3. The mucosa of the cervix is not too dissimilar to that of the throat, would it be more plausible to become infected if I was to somehow (unrealistically) make contact with an infected cervix?

Thanks again for your time
H. Hunter Handsfield, MD
H. Hunter Handsfield, MD
13 months ago
1. Variable health advice is endemic, whether it's HPV, other STDs, HIV, or (currently in the news) the Wuhan coronavirus. Various agencies, physicians, etc often having differing perspectives on risk, prevention, etc. (What is NHS? Presumably not UK's National Health Service....)

2. I'm not aware that HPV has significant mutation potential. It's one of the more simple viruses with a small genome, which can translate into low mutation frequency. I'm not a virologist, but would be surprised if any particular HPV type would develop new tissue troposim.

3. I have no knowledge at all about whether there are biological reasons that explain possibly different cervix vs throat tropism.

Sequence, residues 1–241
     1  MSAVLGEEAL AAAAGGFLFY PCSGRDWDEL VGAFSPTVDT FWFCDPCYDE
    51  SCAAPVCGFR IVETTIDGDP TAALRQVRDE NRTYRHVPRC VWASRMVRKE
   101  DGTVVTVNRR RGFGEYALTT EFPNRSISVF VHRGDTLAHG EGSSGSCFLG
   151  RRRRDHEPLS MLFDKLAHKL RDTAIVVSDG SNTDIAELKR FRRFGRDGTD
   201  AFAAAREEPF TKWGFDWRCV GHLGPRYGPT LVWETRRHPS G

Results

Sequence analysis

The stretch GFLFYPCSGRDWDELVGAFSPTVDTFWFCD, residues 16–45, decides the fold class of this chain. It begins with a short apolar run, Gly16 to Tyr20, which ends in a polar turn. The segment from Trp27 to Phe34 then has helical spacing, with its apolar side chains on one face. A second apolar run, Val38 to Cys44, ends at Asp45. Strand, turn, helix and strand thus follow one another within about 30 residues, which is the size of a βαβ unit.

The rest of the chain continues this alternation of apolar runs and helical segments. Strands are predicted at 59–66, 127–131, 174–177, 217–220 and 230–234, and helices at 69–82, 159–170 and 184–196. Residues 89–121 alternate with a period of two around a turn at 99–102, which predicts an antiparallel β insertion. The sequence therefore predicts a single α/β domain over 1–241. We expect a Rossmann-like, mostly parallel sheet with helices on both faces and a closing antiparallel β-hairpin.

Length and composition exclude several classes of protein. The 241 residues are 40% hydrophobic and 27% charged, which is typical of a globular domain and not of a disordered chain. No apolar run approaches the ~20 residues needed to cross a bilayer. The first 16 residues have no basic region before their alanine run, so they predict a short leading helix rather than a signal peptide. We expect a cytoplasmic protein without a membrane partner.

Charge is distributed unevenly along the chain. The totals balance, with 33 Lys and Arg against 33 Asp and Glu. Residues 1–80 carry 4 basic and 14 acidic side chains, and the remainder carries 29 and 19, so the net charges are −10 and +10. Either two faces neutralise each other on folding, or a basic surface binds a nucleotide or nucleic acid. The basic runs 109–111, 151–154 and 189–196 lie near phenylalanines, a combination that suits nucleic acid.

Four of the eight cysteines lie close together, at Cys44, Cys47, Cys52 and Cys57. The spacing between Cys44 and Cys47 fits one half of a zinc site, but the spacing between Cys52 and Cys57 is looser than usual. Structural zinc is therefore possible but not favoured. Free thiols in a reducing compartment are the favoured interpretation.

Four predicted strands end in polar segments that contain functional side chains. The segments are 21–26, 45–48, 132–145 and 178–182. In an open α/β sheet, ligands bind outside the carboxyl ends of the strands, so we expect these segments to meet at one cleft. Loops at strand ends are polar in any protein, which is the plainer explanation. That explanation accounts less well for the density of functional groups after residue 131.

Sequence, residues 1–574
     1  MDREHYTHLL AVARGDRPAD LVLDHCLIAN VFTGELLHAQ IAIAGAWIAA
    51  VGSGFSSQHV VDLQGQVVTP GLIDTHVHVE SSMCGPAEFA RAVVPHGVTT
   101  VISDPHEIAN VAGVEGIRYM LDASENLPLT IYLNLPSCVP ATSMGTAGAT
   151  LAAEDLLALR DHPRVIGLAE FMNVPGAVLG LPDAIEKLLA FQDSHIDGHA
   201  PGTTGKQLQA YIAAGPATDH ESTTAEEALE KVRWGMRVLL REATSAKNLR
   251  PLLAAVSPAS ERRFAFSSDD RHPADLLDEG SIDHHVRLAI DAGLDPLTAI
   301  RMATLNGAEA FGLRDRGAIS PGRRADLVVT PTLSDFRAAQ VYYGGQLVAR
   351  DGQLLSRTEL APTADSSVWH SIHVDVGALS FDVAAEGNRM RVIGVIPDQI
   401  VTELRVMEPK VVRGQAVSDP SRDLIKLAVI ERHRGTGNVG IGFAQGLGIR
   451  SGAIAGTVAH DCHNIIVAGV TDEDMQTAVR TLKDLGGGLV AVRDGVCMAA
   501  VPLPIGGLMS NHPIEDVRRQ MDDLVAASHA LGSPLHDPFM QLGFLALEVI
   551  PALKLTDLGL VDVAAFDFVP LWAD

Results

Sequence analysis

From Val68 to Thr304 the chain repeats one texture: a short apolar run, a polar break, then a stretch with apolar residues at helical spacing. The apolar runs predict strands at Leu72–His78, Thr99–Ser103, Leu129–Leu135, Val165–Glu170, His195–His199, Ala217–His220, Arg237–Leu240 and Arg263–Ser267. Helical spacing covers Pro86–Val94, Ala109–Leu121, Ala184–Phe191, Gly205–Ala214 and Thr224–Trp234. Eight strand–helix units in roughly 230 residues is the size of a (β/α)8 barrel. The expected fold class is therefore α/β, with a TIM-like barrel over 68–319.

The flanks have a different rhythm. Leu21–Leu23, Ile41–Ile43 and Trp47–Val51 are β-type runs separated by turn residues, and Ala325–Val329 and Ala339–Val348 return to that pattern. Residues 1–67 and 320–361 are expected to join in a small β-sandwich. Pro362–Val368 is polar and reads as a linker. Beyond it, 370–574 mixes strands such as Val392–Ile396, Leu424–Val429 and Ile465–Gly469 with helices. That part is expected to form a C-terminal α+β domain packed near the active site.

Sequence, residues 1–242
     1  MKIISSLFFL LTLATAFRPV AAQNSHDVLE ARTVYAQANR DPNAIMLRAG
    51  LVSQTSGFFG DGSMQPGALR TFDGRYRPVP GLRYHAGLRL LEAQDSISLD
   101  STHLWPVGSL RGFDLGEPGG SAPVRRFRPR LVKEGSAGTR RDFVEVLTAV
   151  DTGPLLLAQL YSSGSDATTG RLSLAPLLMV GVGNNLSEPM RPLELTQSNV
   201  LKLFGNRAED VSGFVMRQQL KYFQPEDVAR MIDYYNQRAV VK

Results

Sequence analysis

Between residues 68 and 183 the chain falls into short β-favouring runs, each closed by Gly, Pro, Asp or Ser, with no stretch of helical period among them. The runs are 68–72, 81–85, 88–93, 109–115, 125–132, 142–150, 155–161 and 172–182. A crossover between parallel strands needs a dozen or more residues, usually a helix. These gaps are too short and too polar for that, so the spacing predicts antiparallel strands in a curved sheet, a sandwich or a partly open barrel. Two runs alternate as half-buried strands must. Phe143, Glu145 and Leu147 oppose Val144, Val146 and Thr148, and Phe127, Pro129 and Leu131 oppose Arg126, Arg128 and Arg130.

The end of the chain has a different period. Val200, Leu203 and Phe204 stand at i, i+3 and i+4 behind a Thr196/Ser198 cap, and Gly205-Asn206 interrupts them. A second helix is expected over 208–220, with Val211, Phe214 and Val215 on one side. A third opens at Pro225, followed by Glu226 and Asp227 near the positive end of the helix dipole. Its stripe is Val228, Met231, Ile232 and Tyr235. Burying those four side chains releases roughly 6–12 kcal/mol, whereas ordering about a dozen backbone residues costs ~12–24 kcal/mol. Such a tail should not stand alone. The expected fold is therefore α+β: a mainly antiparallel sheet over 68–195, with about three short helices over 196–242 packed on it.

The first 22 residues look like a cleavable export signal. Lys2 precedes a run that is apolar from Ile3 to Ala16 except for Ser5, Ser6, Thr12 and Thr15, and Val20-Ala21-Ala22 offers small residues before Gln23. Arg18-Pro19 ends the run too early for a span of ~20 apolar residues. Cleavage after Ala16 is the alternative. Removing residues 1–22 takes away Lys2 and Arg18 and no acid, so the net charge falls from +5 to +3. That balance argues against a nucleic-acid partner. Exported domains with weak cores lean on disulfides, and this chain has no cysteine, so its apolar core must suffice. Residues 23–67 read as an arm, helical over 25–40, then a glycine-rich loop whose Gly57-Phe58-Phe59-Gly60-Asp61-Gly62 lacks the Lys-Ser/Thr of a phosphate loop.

Since you see to have some scientific understanding, I'll add that epidemiologic studies do not show a strong association of oral HPV wih oral sex. The the largest analysis so far, an ongoing project called the National Health and Nutrition Examination Survey (NHANES, usually pronouned en-hanes), the overall prevalence of oral HPV was 15% of genital infection, and the survey participants with and without oral infection reported neither more nor lesser frequency of oral sex. It is possible that direct oral exposure to the virus isn't necessary: sex is inherently messy, with genital secretions spread around and perhaps introducted into all body orifies at least some of the time. It's also possible -- but more controversial -- that once people have HPV at any anatomic site, they may auto-inoculate themselves, perhaps via their own hand-genital contact. This and other studies with similar outcomes are why avoiding oral sex, or using barriers (condoms, dental dams) is probably not a useful strategy to prevent oral HPV infection. And certainly the details of oral sex (how it is performed -- thinking about your comment about tongue-clitoris contact -- almost certainly make no useful difference in risk. A much wiser and probably far more effective strategy is HPV vaccination, which you should consider, to prevent infection with the 9 HPV types that cause ~90% of cancers and warts.